The vote fell short because of a three-fourths supermajority requirement for grants-in-aid, with no Republicans backing the measure.

Relations between the two parties were strained in the immediate aftermath, but things came together Sunday.

“Overall, I think this is a good plan for Delawareans,” House Minority Leader Danny Short, R-Seaford, said in a statement. “We killed the personal income tax hike proposals, restored funding for police protection, fire companies, schools, senior centers and community non-profit organizations. Just as importantly, we held the line on spending, holding budget growth to about one-half of 1 percent.”

It is certainly one of the most difficult-to-produce budgets ever.

While it comes with measures to study reducing health care costs, merging school districts and changing how Delaware budgets, Gov. Carney believes Delaware “missed an opportunity on the revenue side to have a more sustainable revenue stream.”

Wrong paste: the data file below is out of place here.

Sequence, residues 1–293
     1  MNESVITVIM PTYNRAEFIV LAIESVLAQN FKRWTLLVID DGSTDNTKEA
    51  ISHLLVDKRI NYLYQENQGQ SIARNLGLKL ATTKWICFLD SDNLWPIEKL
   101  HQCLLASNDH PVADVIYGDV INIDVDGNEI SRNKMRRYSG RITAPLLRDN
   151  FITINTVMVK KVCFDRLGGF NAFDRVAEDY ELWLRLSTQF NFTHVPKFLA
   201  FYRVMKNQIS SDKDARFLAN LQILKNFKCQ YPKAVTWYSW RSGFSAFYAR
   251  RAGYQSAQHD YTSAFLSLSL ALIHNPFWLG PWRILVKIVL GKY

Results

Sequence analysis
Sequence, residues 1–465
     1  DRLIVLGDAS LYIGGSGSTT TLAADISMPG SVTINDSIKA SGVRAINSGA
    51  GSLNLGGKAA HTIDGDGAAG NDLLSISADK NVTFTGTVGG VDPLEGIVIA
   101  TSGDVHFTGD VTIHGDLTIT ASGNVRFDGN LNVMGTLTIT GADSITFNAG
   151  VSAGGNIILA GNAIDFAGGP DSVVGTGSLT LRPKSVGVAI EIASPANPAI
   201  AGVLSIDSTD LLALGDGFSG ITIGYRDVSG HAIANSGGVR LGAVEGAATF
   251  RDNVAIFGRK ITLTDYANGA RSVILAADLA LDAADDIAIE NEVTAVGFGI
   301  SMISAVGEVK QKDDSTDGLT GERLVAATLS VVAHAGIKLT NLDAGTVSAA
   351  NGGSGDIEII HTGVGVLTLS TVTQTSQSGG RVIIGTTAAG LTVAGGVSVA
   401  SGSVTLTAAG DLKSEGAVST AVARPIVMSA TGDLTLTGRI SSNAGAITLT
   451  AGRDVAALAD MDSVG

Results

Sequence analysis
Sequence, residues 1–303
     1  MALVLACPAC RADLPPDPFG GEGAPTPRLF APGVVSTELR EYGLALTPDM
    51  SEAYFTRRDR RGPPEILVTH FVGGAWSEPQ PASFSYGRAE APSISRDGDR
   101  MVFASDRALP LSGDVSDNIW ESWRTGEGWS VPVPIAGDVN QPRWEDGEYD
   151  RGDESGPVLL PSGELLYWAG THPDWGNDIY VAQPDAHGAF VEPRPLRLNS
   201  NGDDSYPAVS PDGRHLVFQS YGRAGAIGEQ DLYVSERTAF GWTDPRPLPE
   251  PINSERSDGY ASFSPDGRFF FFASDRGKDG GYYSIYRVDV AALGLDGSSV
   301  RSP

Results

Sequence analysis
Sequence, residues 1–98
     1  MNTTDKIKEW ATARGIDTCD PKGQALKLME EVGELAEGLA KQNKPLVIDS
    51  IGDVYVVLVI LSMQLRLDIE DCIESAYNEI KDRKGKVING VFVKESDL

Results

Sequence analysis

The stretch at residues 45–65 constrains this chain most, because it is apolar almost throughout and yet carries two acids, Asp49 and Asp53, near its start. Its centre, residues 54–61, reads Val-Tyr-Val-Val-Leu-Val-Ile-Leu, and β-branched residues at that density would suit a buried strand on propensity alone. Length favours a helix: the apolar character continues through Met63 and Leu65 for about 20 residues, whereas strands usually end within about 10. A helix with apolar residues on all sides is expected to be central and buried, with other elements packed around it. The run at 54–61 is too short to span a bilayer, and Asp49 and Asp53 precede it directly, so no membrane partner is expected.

Despite the very public disagreements between Democrats and Republicans over the past months — and especially over the past two weeks — the governor said he is confident the General Assembly can continue working together.

“We are all in this together. That’s one of the things that I hope we all recognize. Look, I spent six years in Washington, D.C.,” the former congressman said. “I know what doesn’t work. I know what works, and the Delaware way works when we, Democrats and Republicans, are working together on the hardest, most difficult challenges that we face, and nothing is going to be more difficult than getting a sustainable revenue side and a sustainable spending side.”